Omar, the Bees and Me


When Omar brings ‘a small slice‘ of his Mum’s honey cake to share at show and tell, it gives Mr Ellory-Jones a fun idea. Could jasmine paper blossom along the school corridor, suggest a snapshot of Omar’s home? There were bees and apricot trees and jasmine bushes where he lived once, a long way, away. There was also his grandfather. Could this paper bee corridor offer a happy reminder?

Maisie’s grandfather keeps bees. As her friendship with Omar grows, she has the fun idea to create a real bee corridor from school, along the busy road, to the park next to Maisie’s Grandad’s garden! Mr Ellory-Jones thinks Maisie’s fun idea is ‘great‘!

Thereafter, envelopes of wildflower seeds are gathered and distributed about the town by Class One. They have to wait for the wildflowers to grow…Through the Christmas show and the greyness of winter, the promise of a new spring and then the wildflowers holds. Could it be that summer will arrive with ‘poppies and cornflowers and foxgloves- all the way from our school to the park’? 

Helen Mortimer’s story is so positive and inspiring. MOMAR (Maisie and Omar) are a united and progressive front for a superbly optimistic and environmental tale. Thereafter, Katie Cottle’s pictures are spectacular, taking in sequence, memory, journeys and hopes with such empathetic colour and considered perspectives. Bookwagon loves Omar, the Bees and Me and recommends it highly to all readers.

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Omar, the Bees and Me

Helen Mortimer and Katie Cottle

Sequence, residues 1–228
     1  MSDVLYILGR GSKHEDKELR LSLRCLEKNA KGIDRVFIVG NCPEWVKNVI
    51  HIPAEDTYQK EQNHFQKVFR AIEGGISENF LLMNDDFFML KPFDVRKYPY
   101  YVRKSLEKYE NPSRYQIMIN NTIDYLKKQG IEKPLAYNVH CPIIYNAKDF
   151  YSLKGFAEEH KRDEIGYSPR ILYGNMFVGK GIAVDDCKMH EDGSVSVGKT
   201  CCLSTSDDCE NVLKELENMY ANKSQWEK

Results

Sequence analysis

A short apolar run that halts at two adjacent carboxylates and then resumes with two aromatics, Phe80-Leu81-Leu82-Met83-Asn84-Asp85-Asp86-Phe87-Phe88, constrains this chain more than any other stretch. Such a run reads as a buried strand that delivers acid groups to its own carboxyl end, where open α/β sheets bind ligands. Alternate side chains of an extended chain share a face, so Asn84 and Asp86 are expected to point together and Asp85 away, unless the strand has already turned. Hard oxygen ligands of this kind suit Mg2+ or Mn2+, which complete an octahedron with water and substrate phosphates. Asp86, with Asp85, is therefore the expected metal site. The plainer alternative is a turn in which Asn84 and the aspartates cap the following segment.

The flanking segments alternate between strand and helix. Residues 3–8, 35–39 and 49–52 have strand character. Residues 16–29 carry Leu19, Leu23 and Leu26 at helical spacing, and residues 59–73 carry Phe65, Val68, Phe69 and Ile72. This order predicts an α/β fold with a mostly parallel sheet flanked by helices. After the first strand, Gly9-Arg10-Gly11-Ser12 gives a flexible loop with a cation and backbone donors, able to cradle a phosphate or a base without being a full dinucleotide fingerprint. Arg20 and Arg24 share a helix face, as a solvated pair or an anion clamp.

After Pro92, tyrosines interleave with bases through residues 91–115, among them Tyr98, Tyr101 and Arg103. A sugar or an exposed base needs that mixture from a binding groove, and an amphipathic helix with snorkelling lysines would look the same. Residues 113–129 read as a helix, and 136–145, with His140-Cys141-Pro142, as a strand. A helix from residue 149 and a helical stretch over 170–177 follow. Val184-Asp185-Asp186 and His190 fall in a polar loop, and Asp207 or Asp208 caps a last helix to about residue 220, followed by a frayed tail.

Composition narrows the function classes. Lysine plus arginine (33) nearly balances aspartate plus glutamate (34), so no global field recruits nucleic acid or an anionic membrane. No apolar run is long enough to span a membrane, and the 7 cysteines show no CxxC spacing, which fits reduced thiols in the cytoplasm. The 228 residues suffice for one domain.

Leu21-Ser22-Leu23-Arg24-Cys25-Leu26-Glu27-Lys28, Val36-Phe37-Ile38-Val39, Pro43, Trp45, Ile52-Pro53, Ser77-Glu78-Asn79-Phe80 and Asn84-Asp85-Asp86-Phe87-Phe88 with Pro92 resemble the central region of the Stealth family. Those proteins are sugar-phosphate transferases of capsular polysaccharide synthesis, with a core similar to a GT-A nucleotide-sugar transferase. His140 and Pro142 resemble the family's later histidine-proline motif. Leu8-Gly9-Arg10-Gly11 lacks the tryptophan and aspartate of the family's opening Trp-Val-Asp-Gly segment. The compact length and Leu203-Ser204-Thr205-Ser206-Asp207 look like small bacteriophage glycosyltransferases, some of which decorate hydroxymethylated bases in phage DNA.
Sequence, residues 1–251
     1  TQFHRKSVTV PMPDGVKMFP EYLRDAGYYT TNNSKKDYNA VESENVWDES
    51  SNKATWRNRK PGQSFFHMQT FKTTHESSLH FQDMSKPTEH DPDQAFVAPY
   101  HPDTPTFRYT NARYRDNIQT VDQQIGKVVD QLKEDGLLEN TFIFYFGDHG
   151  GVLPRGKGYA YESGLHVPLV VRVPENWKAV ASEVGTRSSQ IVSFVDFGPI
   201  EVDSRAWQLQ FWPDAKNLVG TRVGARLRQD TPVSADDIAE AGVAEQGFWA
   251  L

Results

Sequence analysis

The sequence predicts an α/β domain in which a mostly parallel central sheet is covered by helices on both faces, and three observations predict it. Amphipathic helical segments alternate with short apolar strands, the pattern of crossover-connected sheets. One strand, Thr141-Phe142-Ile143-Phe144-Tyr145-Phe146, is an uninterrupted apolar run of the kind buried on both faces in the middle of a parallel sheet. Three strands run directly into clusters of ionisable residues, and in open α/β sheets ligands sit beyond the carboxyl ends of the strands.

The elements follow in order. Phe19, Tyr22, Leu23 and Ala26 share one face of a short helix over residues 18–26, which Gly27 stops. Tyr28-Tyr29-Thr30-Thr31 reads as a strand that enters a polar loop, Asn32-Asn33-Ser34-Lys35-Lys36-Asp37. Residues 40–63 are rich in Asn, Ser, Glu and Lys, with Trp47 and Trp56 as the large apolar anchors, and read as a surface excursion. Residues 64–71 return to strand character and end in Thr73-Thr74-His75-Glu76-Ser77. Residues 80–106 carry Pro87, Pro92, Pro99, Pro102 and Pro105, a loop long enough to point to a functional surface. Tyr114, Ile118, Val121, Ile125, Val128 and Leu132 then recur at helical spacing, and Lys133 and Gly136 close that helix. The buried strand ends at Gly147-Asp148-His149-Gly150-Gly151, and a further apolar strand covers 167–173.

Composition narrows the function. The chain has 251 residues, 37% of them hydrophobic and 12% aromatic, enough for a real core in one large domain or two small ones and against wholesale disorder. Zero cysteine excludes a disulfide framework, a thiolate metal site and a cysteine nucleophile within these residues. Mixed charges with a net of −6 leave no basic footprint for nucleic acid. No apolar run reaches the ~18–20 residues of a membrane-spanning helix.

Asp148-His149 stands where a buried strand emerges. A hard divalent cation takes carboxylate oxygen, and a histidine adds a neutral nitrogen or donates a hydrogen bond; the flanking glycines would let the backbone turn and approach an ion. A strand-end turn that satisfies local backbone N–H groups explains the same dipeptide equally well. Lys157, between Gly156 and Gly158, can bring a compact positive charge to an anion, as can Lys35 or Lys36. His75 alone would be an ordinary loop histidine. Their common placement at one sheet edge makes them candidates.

(Owlet Press)

Is it possible to create ‘bee corridors’? Let’s find out how with Omar, the Bees and Me. It might all start when Omar brings ‘a small slice of his Mum’s honey cake for show and tell’. Thereafter, he shares how his grandfather kept bees, in the place where he lived once, . What’s more ‘He had apricot trees and jasmine bushes in his sunny garden, a long way away’. 

Mr Ellory- Jones has a ‘fun idea‘ that the children might make paper jasmine blossoms. After that the ‘bee corridor‘ idea seems to grow. Then Maisie has an idea that the bee corridor might spread, maybe through the road and the ‘noisy building site‘ that it links ‘from school to the park’ next to her grandad’s garden.

The energy in this wonderful picture book, the joy and possibilities are contagious! What’s more as we read on, and consider what is around us, Maisie’s initiative, Omar’s growing happiness and sense of place, inspire us with our own hopes, too!

Like The Balcony, we can trace a route from emptiness to fulfilment, loneliness to belonging through Omar, the Bees and Me. Bookwagon adores this Helen Mortimer and Katie Cottle.


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